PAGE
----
Many of my students have heard me say “This is something I get to do”. There is a reason why I say it. November 2023, my family and I will be celebrating my 5 year mark of being cancer free. It is an exciting time for my family!
I’m writing this to share some thoughts and perspective from someone that has been “thru it”.
Cancer is and will be different with each person and how they react to it. This is some of what I saw and remember.
March 2018, I diagnosed with Non-Hodgkin’s Large B-Cell Lymphoma of the Bone (my hip). I went thru chemo, radiation, 3 hospital stays, ambulance ride, numerous tests, many needles/wires shoved in me, access port placed, and enough scans for 20 people.
I have run into so many people that have had, know somebody or going thru cancer themselves. My first year, at least 5 people I knew past away from cancer. I would see my doctor in tears and tell her I’m next. I was not good.
Cancer did take its toll on me, and anybody that helped me. Along with the physical and emotional toll, there was the financial ramifications. We had a good insurance, which covered most. But I lost most of my income as a graphic artist. My wife, kids lost work time. We took a huge hit as a family. But we got thru it somehow.
I was so blessed that my wife (Cathy), kids, neighbors took care of everything. They held together. I was not allowed to do much, other than sit, eat or sleep (kinda like our dog). I was not driving (not with the meds I was on). I describe a lot of the time in the beginning as “just a cork floating in the water”. Just being told what to do and when to take your next meds. I went from “doing” to “doing nothing”. That was hard to accept.
Cathy came up with the saying for this time “It’s Just a Bump in the Road” we will get thru this together. If it was not for her telling me to get the leg checked in the beginning, taking me to all the appointments, keeping track of the meds, what I ate, when I slept, she would “sorta sleep” she was always watching over. ….. If it was not for her, I believe I would not be writing this today. So when I say “This is something I get to do”, it’s because of her.
After awhile I looked at the situation and went with “what can I do” instead of “what I can’t do”
The place I went to and took advantage of, was my art. It was the only thing I had any semblance of control. Drawing took my mind to a safe place. I had peace, it was (and still is) a good place to park my mind. I think I did some of my best work then.
It took some time to convince Cathy and my doctor to let me do art shows that year. I probably made up some story that I was fine to convince them. The shows were hard, it was hot, I did not feel good. I had a lot of help, family came in, my kids, my neighbor, who still helps me yet. Cathy was beside me all the time, she would finish my sentence when I would forget who I was talking to.
I had a horrible time remembering things. The term “chemo brain” is a hard truth to deal with and accept. When I realized and told what was happening, that was crushing, I lost it on that one. When I did remember something that had to be done, I would leave notes to myself. I still do it.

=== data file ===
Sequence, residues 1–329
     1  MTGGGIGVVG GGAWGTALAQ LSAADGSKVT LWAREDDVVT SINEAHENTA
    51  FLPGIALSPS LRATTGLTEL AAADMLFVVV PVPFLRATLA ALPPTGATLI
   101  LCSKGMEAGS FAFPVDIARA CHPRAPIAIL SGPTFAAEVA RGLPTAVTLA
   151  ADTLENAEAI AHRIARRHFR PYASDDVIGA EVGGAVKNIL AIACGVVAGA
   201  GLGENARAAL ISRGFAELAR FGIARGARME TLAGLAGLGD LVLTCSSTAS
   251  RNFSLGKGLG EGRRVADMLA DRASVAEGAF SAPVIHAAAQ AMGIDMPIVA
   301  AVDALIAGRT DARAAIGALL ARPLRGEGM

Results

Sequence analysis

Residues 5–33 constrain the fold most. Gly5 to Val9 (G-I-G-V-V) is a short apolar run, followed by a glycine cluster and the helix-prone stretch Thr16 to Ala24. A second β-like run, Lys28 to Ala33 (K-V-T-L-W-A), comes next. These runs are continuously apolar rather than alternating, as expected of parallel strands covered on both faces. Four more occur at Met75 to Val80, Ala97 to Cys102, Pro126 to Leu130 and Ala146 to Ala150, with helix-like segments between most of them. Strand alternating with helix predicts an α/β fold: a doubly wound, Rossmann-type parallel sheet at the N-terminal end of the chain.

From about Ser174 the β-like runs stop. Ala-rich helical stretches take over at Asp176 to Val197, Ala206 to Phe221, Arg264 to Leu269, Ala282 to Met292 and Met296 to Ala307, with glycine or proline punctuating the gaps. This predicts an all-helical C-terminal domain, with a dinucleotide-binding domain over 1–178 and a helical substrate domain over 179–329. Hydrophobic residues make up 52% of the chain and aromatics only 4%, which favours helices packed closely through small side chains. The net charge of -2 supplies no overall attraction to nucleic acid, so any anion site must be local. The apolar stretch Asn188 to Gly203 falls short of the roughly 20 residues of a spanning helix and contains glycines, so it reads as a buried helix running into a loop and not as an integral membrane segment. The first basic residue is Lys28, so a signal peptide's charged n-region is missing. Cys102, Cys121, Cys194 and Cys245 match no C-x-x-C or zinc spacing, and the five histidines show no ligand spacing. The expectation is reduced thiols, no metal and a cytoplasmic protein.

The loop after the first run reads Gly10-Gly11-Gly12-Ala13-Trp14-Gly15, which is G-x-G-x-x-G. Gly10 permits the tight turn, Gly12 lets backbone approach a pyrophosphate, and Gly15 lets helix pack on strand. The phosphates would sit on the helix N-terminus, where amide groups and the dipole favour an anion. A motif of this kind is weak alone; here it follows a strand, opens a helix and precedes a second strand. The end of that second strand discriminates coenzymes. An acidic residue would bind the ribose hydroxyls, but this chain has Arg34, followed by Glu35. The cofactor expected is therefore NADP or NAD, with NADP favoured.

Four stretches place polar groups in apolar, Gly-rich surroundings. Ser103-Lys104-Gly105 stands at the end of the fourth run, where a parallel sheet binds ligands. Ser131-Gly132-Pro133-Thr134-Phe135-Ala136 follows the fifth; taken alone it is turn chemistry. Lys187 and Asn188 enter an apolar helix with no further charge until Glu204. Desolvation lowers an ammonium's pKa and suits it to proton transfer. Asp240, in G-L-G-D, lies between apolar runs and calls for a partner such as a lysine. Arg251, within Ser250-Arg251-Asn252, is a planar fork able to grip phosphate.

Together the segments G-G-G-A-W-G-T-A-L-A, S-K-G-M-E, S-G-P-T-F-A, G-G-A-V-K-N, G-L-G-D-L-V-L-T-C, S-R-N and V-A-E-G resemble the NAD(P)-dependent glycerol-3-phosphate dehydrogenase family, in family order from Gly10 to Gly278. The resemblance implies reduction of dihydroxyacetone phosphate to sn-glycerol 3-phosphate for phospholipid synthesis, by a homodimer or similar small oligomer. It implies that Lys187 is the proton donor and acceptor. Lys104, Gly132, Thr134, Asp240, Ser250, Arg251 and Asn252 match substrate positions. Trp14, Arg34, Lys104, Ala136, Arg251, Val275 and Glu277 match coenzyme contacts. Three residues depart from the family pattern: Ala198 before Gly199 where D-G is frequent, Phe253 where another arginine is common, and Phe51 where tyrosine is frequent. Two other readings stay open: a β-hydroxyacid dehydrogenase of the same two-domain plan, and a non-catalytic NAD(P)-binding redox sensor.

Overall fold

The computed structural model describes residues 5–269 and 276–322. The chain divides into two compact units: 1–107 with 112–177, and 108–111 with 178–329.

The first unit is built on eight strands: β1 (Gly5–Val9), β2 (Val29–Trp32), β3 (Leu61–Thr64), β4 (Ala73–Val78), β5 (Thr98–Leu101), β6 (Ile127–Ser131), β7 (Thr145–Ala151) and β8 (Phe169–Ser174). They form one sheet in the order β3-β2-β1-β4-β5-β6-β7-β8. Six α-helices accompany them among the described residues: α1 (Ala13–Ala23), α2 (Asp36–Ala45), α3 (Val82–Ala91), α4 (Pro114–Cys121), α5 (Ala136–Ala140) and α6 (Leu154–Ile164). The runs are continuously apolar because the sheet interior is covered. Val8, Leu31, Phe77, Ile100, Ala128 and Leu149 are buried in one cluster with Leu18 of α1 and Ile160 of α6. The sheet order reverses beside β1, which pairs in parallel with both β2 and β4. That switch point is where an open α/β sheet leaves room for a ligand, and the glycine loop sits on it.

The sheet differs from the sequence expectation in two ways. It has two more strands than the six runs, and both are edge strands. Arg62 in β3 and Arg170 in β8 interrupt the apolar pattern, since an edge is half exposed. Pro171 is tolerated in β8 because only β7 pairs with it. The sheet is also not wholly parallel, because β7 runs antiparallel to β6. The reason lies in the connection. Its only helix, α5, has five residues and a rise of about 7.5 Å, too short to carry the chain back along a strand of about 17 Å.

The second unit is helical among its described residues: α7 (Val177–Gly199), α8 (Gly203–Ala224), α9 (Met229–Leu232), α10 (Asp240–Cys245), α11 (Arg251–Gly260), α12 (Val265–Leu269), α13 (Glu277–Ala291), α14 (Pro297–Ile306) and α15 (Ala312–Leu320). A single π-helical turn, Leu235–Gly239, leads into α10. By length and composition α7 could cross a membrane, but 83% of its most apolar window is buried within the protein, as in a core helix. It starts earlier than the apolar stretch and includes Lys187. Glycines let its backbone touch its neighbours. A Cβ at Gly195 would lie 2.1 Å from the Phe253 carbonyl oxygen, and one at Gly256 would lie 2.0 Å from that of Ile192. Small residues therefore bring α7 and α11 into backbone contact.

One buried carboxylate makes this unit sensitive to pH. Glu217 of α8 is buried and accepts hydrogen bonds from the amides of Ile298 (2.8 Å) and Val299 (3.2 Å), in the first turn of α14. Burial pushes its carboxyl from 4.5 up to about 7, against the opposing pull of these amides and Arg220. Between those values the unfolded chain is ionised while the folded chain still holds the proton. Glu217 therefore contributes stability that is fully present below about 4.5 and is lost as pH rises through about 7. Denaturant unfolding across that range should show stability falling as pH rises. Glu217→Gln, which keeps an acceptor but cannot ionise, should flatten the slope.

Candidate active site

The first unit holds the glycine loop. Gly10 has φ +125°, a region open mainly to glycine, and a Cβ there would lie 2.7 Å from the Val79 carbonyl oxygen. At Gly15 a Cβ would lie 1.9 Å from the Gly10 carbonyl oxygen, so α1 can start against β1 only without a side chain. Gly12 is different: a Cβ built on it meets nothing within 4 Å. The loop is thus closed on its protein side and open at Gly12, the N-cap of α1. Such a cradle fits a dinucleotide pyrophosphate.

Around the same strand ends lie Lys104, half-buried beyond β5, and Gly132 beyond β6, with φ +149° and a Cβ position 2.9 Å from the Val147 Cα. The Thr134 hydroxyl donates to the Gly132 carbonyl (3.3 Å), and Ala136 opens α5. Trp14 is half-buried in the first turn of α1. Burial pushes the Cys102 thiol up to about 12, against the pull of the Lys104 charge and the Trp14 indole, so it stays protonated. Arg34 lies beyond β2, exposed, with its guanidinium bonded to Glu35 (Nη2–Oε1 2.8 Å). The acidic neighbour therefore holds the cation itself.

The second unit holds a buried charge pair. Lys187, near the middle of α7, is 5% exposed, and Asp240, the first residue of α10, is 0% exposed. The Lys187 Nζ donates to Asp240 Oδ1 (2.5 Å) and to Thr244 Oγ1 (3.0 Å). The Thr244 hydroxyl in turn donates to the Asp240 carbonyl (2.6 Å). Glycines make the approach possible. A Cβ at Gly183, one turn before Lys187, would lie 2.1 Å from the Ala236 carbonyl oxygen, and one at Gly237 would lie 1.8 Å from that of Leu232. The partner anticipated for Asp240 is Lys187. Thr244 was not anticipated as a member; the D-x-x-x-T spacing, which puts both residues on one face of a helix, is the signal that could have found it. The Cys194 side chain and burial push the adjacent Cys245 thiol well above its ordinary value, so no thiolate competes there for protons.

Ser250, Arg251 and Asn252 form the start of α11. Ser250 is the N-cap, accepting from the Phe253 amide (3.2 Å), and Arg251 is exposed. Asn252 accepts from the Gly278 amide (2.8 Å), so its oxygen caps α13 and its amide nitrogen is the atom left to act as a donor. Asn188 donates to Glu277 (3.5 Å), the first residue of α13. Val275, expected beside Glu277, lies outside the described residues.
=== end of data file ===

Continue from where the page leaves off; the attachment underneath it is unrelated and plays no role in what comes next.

There was so much that happened that I remember now, from those first couple of years, it still brings me to tears. (Cathy remembers everything).
- When I saw the oncologist downtown and gave me crutches to use. It was kinda funny to see me learning how to use them.
- The long train ride home from that visit downtown being told it’s cancer, seeing Cathy and my son with completely blank looks on their face.
- I cried a lot
- My doctor, Dr. Foster was absolutely perfect for me and my family. After my first chemo treatment, I was home, and all of a sudden, I went down (internal bleeding). Cathy called her, I was brought in by ambulance and she was there waiting for me!
- My son fixing the toilet, I had no idea he knew how.
- Both of my daughters took a leave of absence from work to help me and Cathy out.
- My neighbor having lunch with me, just to talk, he even sat in for a chemo treatment.
There is so much more….
I learned that if I was left alone for long my mind went to “a dark place”
SUGGESTION….if you know somebody with cancer, please talk to them about anything. It is good.
After my treatments, it was another year before my forgetfulness eased. I was left with some permanent damage to the leg, needing to take meds for the rest of my life. This is the new norm.
I consider myself very, very blessed to be where I’m at today. Cathy and I talk about this often …. how many commercials you see on television touting the next drug you should be on? Every ache, pain, soreness, your mind goes back to “what if” Once you have cancer, you will be constantly reminded of it. That is a reality that will not go away. The last few years has been filled with scans, blood tests, doctor visits every 3-6 months and waiting to get to today, the 5 years mark. It is a milestone that my chances of reoccurrence has diminished greatly. It is a sign (a reason) to me that I have a lot to look forward to.
I had the honor to be the guest speaker at the 2019 Cancer Celebration, Northwestern Lake Forest Hospital. As I looked at my family, doctors and cancer survivors I said something to the sort… just because we don’t like what happened “there is a reason for everything”.
I hope that someone, somewhere will get encouragement from this.
Giving you this short story is one of my reasons.
“This is something I get to do”
5 years and counting.
Dr. Foster and myself at the 2019 Northwestern Cancer Celebration, Lake Forest